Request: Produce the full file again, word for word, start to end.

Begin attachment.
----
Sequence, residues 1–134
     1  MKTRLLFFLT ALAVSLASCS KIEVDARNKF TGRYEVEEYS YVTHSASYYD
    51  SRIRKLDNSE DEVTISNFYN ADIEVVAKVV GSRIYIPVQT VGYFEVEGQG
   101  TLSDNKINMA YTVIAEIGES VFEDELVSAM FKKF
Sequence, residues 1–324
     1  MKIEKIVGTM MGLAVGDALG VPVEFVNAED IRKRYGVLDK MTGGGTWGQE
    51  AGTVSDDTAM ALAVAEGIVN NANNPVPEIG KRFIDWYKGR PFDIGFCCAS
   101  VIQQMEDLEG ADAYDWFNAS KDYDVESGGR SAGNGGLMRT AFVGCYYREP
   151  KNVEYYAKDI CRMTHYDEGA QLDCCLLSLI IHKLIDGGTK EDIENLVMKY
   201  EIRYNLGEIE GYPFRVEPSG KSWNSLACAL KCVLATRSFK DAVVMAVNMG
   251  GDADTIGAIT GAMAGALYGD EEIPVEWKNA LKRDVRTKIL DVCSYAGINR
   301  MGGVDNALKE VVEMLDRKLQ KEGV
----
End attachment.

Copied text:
Sequence, residues 1–134
     1  MKTRLLFFLT ALAVSLASCS KIEVDARNKF TGRYEVEEYS YVTHSASYYD
    51  SRIRKLDNSE DEVTISNFYN ADIEVVAKVV GSRIYIPVQT VGYFEVEGQG
   101  TLSDNKINMA YTVIAEIGES VFEDELVSAM FKKF
Sequence, residues 1–324
     1  MKIEKIVGTM MGLAVGDALG VPVEFVNAED IRKRYGVLDK MTGGGTWGQE
    51  AGTVSDDTAM ALAVAEGIVN NANNPVPEIG KRFIDWYKGR PFDIGFCCAS
   101  VIQQMEDLEG ADAYDWFNAS KDYDVESGGR SAGNGGLMRT AFVGCYYREP
   151  KNVEYYAKDI CRMTHYDEGA QLDCCLLSLI IHKLIDGGTK EDIENLVMKY
   201  EIRYNLGEIE GYPFRVEPSG KSWNSLACAL KCVLATRSFK DAVVMAVNMG
   251  GDADTIGAIT GAMAGALYGD EEIPVEWKNA LKRDVRTKIL DVCSYAGINR
   301  MGGVDNALKE VVEMLDRKLQ KEGV